Daily Archives: January 12, 2004
Neurogenic bowel is a frequent problem for patients with spinal cord injury. With planning and care, however, you can help them regain control over their bowel function. Here’s how.
Damage to the spinal cord leaves patients at risk for a number of complications. A common one is neurogenic bowel–a condition in which the patient has no voluntary control over stool elimination.
If you’re the least bit modest, then a short hospital stay will send you over the edge unless of course you’ve crossed that line already. Draped in not much more than a smile and a few pieces of thin blue cloth that I couldn’t see, I laid exposed with a high-level spinal injury in the ICU for the world to see. While I awaited the standard pinpricks, doses of painkillers endless hours of looking up the nostrils of people passing over me, it occurred to me that the practice of mooning really was good practice.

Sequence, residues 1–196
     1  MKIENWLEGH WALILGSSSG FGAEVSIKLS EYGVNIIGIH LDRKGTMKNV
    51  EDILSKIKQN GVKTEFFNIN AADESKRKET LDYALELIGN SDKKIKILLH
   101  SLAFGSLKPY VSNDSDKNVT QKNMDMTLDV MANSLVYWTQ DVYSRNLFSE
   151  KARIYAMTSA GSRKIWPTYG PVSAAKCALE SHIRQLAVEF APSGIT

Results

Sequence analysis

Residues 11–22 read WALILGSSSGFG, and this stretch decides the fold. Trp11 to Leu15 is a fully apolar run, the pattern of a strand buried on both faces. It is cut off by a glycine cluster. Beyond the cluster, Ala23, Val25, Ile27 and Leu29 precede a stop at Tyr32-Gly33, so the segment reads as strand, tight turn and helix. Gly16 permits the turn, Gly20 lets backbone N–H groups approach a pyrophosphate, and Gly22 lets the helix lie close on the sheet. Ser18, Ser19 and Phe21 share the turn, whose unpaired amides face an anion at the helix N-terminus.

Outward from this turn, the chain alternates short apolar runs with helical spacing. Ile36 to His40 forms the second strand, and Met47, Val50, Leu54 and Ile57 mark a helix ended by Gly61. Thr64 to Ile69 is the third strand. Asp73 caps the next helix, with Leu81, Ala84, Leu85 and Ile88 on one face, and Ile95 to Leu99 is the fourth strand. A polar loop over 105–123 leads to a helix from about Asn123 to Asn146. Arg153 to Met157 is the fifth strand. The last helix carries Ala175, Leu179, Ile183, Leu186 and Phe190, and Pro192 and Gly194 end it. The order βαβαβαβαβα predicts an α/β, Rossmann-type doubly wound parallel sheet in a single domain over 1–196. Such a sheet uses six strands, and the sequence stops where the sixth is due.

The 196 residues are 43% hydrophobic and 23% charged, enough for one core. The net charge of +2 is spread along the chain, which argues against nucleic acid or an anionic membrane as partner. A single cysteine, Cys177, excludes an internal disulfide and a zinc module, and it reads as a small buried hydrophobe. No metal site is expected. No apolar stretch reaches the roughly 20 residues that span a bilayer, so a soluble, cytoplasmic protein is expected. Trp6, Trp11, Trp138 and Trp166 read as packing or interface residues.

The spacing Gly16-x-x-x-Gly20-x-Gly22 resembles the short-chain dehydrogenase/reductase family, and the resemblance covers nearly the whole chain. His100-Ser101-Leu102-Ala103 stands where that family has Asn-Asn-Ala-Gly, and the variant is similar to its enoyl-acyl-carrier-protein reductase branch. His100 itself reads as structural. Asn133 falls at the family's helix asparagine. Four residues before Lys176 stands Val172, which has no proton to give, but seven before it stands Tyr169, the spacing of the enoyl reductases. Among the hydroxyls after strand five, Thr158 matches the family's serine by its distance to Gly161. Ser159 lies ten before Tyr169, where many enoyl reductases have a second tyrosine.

At the time, core life functions were being maintained and monitored by the medical staff. Comfort, appearance and dignity were a thing of the past.
For successful Regeneration to occur following spinal cord injury, several things must happen. First, damaged nerve cells and supporting cells must survive or be replaced, despite the acute effects of trauma and the conspiracy of processes that cause secondary damage. Replacement of lost cells in the CNS is unlikely without intervention because adult nerve cells in the brain and spinal cord cannot divide. Nerve cells that survive the injury often must regrow axons, despite tissue changes such as cavity formation that obstruct growth. Axons also must navigate among the myriad possibilities to find appropriate targets.